At one point or another in writing a novel, we must do research. It’s that part of the author’s life that may feel tedious but it so important to get the most realistic snapshot of the time and place for your readers.
Whether you’re writing historical, fantasy, YA, women’s or commercial fiction, it’s just part of the writing turf. And while I’ve learned numerous facts about everything from how one company purchases another, to the last time the U.S. printed a $1,000 bill, to how a mobster would order a hit on someone from prison, to the average price of a Bel Air mansion on line, let’s face it, online research has its limitations.
What starts with a little trip …
My husband and I love to travel. And whenever I’m on a trip, I evaluate the new locale as a potential setting for a scene in my three-novel series, Truth, Lies, and Love in Advertising. Case in point, we were in London last February and stayed at the St. Martin’s Lane hotel. Nestled within the hotel is a cozy little hideaway called “The Den,” where hotel guests may relax and have tea. It feels like someone’s living room, and it was the perfect room to write into a scene. In For Position Only, Craig Keller takes a sabbatical from the agency and decides to divest himself of some of his most precious art. There, he runs into Jane Mercer, who happens to be meeting her client during London’s Fashion Week. A fiery clash ensues between the former lovers but that’s all I can tell you until this baby is published. It was the perfect place to write my penultimate scene.
It’s So LA
My husband and I make regular trips to the #Los Angeles area, not just because I need to stay attuned to timely details and cultural shifts for my novels, which are all set in LA, but because it’s home, we have family there, and we genuinely love it.
On a recent trip, we rented a Mini Cooper (a fun car if you haven’t driven one) and blazed a trail from West Hollywood to Malibu. I kept track of things like time on the freeway, exits, corners and landmarks. It was essential in keeping the verisimilitude in my novels on track. It helped me write a scene in which Craig and Jane take an urgent drive from the Dolby theater to his home in Malibu (I won’t reveal why it was urgent or what happened when they got to Malibu) and I needed to know which route he would take, how long of a drive it would be and other details to add color to the fictional drive I painted in the book.
And after all, anyone from LA knows how much time people spend in their cars. There was no way to romanticize that aspect of LA life, although I’ll confess, since Craig has a special relationship with his Bentley, there was a bit of fictional romanticizing.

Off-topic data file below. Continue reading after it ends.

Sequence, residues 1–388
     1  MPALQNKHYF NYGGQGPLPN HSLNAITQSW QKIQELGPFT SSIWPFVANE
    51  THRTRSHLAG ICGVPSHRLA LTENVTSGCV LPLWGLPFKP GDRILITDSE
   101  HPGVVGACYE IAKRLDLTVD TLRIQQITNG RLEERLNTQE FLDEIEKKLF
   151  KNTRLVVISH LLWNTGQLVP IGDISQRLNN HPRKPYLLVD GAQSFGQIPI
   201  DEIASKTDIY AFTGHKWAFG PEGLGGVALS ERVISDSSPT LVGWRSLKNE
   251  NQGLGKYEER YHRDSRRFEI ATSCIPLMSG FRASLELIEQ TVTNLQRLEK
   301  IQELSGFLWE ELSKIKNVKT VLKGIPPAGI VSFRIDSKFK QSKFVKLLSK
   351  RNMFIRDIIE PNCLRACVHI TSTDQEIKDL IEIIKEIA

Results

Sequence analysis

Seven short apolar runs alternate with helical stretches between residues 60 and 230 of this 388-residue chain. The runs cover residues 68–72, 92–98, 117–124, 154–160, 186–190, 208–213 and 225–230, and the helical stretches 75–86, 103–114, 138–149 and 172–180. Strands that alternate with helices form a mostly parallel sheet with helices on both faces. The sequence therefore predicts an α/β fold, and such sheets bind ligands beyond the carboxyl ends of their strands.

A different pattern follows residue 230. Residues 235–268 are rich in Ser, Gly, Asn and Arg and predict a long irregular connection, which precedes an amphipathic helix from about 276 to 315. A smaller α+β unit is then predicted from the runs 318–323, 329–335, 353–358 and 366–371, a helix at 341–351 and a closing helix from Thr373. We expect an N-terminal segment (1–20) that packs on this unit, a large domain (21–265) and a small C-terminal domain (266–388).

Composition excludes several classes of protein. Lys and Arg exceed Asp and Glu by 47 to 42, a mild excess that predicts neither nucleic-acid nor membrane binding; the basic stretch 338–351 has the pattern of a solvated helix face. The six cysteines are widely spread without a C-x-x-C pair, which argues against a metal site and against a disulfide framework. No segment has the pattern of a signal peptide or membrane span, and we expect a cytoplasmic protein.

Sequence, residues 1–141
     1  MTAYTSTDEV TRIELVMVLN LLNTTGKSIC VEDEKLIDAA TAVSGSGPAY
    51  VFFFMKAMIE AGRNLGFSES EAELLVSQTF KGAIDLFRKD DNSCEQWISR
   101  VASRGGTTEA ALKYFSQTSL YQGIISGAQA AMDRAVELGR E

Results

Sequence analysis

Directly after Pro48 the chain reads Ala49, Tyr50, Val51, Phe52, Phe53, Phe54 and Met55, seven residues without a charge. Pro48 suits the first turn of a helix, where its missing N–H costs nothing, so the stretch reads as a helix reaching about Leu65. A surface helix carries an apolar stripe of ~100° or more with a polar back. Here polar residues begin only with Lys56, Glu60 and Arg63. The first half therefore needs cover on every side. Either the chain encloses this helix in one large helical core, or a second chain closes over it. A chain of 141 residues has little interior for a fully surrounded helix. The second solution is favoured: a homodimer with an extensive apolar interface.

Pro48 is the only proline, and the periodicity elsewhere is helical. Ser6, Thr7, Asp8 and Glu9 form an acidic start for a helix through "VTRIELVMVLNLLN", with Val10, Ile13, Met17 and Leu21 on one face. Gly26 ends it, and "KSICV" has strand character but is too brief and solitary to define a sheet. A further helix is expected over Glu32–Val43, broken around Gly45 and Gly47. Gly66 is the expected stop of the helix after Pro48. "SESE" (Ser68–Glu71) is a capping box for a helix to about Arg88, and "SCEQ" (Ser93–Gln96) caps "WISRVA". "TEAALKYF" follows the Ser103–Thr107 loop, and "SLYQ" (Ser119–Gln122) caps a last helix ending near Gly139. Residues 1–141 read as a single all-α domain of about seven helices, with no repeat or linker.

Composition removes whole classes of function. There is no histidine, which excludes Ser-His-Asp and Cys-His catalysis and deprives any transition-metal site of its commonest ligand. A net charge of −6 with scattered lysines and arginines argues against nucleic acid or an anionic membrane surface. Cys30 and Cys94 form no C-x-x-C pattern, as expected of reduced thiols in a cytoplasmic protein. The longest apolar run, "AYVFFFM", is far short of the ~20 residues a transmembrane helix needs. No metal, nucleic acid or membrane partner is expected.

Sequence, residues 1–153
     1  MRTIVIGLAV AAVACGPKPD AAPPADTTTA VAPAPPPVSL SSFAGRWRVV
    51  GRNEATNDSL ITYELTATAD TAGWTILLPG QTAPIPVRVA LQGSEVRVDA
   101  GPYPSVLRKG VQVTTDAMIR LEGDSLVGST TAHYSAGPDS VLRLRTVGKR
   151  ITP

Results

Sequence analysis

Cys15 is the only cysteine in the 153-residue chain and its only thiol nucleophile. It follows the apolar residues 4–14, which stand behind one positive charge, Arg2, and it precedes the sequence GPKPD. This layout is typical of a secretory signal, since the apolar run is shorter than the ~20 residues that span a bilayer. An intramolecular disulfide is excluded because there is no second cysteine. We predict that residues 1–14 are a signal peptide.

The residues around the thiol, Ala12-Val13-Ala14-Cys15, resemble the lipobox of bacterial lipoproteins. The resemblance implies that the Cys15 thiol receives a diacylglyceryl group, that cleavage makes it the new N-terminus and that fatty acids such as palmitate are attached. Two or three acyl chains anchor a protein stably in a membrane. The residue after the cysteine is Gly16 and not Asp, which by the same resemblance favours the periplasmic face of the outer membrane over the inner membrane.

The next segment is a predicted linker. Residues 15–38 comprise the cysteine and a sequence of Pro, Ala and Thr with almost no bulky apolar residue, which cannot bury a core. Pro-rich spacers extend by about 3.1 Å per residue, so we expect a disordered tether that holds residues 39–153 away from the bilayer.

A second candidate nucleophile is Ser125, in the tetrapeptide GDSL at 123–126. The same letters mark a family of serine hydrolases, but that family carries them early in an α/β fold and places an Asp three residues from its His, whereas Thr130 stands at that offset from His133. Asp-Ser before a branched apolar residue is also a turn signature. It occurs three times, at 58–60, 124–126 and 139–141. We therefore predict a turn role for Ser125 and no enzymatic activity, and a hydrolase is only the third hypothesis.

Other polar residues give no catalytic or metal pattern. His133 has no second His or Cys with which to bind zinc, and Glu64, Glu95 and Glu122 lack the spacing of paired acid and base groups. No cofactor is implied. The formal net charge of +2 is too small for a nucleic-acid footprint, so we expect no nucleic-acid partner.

Stroll Through Your Scene Like You Mean It
Walking was also important in getting the right feel down to write a scene. We toured downtown Santa Monica where the fictional agency sits, through Tongva Park and around the corner to Ocean Avenue. The park sets the first scene in Being Jane, when Jane is meeting her best friend, Marisa Silva, at Herringbone restaurant. She arrived a bit early and got more than she bargained for in running into Craig Keller. I literally walked, took photos and made notes. It was incredibly helpful to engage all the senses and, most importantly, understand exactly how the scene should be written.
The other things I absorb are conversations, dialect and colloquialisms that deeply inform my characters, their depth and the writing itself. It’s no surprise there are #Yoga studios all over LA and the West Hollywood streets were abuzz with Yoga-speak. Although I didn’t want to appear to be Mrs. Kravitz at best or a stalker at worst, I noticed both women and men discussing Yoga, either on their way to a class or just because it’s a big part of their lives. Yeah, I know, how stereotypical, but I was gently reminded of certain essentials that are part of LA’s unique make up. Ones I needed to pay attention to in order to present an authentic world to my readers.
The Importance of Being Nice
Okay, I’ll admit it. This bit is self-aggrandizing because I grew up there, but California people are genuinely nice and conversational. I love the cheerful nature of people in LA and have often thought it’s because of the perfect weather – the idyllic climate creates a general sense of sun-drenched happiness and well-being. How could it not?
I love to sponge the places I’m writing about because, as we all know, the devil is in the details. Travel is not cheap, but it sure does take the guessing out of what you’re writing. Purchase your copy of Camera Ready now!